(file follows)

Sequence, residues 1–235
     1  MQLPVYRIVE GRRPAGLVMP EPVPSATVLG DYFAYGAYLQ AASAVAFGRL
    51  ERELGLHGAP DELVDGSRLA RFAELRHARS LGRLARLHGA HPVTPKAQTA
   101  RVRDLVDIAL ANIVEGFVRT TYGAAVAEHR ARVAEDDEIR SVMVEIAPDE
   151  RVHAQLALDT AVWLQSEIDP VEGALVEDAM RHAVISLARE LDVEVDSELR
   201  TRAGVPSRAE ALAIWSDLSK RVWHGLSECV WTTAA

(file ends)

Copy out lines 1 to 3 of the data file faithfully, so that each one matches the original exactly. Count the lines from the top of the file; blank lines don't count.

Sequence, residues 1–235
     1  MQLPVYRIVE GRRPAGLVMP EPVPSATVLG DYFAYGAYLQ AASAVAFGRL
    51  ERELGLHGAP DELVDGSRLA RFAELRHARS LGRLARLHGA HPVTPKAQTA